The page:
Are Electric Bikes Safe For Kids?

Electric bikes continue to rise in popularity across the world, much like the rise of e-scooters and electric motorbikes. As such, children are beginning to ask for ebikes instead of traditional bicycles, but are they safe enough for your kids to use?

Of course, as with all situations, you know your child best. In some situations, an electric bike might be the best bet for your child. In others, it might not be. Essentially, take this advice with a pinch of salt because you know how your child will react and know them better than anyone else. Age of course plays a big factor, as does responsibility.

Are Electric Bikes Safe In General?

In general, sure. For the average adult, they post little more danger than the average pedal bike. Previously, in 2018, a study was conducted in the Netherlands, which is always a great place for bicycle-related study as approximately 36% of people list the bicycle as their primary mode of transport. The study concluded that training should be made mainstream, as more people were crashing. This is backed up by other data which seems to suggest that Ebike riders are more likely to end up in hospital after a crash. 

However, a more modern study by Dutch safety organization VeiligheidNL has concluded that ebikes are just as safe as traditional pedal bikes. The skew in figures seemed to stem from the elderly using ebikes more. 

In short, ebikes are safe. They weigh a little more, so users need to adjust to the slightly longer braking distance but aside from that, especially with pedal assist bikes, there’s nothing to worry about.

Are electric bikes safe for Children?

Usually, yes. If the bike is a simple pedal assist model it means the bike will be easier to get going and easier to maintain speed. 

The type of ebike also comes into play and is of vital importance. Don’t buy an electric bike for your child without first checking what kind of power outage the bike has, and whether the bike is a simple pedal assist bike (most common) or whether it comes with a throttle. You need to be careful here, as usually, children are allowed to pedal on the sidewalk or pavement, whereas adults use the road (depending on which country you reside in. using a higher powered ebike where people are walking might not be a good idea.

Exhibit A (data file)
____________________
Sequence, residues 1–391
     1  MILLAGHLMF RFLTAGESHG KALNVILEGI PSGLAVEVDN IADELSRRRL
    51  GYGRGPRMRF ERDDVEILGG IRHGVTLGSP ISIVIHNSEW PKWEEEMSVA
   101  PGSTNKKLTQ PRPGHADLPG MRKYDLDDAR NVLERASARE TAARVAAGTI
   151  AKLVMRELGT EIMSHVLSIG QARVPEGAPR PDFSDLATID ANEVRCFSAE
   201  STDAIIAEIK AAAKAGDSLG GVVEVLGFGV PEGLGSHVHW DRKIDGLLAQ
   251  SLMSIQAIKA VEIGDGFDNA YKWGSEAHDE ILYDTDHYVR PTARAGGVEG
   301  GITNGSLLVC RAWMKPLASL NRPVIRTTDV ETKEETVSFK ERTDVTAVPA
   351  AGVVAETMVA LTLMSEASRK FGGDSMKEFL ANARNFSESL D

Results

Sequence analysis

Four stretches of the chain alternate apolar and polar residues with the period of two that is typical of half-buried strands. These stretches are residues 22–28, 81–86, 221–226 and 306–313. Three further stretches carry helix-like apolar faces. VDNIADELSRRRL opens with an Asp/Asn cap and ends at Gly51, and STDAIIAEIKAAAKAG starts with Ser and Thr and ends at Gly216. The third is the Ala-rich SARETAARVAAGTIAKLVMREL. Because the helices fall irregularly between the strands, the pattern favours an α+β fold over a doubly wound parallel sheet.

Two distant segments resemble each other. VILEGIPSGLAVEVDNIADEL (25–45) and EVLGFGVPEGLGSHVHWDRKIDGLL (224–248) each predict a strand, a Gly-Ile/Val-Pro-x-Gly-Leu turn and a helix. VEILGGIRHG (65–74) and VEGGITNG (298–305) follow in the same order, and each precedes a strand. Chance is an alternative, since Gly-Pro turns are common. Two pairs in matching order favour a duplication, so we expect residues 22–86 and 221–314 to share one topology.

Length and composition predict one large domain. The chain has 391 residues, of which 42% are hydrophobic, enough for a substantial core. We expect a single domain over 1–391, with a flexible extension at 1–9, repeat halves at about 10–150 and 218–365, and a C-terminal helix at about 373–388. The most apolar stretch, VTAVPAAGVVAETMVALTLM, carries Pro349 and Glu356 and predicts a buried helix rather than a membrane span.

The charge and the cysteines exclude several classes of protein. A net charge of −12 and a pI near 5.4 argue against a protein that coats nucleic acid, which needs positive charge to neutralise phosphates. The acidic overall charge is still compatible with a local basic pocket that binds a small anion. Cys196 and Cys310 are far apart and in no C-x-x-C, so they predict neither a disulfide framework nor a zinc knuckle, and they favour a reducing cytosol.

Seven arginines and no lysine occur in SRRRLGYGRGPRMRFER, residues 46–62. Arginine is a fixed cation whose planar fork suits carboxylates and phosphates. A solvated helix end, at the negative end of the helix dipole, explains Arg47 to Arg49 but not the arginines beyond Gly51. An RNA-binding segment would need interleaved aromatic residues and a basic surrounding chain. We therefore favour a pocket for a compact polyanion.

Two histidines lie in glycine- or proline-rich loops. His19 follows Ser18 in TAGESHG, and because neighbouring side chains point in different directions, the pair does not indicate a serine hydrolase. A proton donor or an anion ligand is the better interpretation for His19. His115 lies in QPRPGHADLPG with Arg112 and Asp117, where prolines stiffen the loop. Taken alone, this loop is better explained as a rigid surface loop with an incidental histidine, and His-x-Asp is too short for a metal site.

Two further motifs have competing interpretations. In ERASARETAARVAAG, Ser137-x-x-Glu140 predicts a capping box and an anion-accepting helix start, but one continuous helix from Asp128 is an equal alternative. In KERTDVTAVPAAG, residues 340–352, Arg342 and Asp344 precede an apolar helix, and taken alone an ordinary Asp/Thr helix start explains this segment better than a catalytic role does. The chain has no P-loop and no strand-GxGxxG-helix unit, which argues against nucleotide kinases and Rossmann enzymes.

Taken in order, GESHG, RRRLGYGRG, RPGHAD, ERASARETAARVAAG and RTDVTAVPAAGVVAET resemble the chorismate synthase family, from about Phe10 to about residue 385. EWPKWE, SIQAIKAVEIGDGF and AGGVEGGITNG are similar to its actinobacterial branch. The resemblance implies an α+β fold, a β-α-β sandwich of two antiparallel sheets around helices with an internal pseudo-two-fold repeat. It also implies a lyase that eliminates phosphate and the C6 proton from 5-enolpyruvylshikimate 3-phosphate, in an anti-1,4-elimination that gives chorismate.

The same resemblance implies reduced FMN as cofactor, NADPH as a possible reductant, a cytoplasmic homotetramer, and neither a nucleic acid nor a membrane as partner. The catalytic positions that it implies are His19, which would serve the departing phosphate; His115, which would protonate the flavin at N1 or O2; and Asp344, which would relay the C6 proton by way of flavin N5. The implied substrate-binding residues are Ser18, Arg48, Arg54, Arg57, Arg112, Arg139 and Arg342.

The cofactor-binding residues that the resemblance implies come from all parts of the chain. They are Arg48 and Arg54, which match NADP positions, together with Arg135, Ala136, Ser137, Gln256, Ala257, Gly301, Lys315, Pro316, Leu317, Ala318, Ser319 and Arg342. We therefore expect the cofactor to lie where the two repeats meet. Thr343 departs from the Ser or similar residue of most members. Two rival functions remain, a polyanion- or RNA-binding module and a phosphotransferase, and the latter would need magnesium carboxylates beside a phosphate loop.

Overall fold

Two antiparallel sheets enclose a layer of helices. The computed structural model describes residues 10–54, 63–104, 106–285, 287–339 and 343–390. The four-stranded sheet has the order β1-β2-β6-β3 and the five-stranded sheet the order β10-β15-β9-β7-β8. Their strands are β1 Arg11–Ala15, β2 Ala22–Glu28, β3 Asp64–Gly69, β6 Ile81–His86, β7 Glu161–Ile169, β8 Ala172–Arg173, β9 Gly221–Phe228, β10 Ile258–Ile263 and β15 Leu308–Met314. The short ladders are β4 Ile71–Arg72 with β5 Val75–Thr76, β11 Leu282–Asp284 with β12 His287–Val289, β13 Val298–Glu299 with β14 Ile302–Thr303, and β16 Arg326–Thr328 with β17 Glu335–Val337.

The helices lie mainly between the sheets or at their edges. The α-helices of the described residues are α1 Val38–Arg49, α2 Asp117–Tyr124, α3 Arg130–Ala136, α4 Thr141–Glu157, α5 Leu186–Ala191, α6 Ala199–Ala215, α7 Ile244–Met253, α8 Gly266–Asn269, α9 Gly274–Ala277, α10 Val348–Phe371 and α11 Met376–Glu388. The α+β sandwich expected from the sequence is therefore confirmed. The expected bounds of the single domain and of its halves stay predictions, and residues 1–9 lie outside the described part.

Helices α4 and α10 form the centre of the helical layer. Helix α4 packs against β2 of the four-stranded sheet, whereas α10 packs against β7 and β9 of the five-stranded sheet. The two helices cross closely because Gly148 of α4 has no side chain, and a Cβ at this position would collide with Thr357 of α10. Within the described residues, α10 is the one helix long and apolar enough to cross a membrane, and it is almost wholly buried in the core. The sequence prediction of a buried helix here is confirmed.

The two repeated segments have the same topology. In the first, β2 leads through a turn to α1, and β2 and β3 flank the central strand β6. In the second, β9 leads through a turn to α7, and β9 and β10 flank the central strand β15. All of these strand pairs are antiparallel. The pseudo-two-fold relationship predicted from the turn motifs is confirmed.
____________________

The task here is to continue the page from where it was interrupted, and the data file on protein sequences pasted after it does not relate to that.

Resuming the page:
For example, in the U.K, ebikes aren’t allowed to be ridden on the pavement by a child, only the road so if you don’t want your child riding in the road yet, it won’t be sensible to purchase one.

In terms of overall safety, the breaks work just like on a pushbike. So long as the child practices general bike safety (the same as with a pushbike), then they’ll be fine. In fact, ebikes are a great way to introduce cycling to children with mobility issues as it makes the ride a little easier. There is a chance that braking distance will be affected due to the weight of an electric bike being more than a normal bike. Also, this is again further affected in bad, wet whether, just like a normal bike.

You also need to consider whether you’re looking at a road bike or mountain bike. Usually, a mountain bike can be used on the road anyway, but they have slightly different make ups. 

The battery can become dangerous if pierced or damaged, which means you need to ensure your child knows not to damage the bike by dropping it on a sharp rock or submerging it underwater.

An ebike is just as safe as a pushbike so long as you spend a little bit of time with your child educating them about looking after the battery, and other delicate components.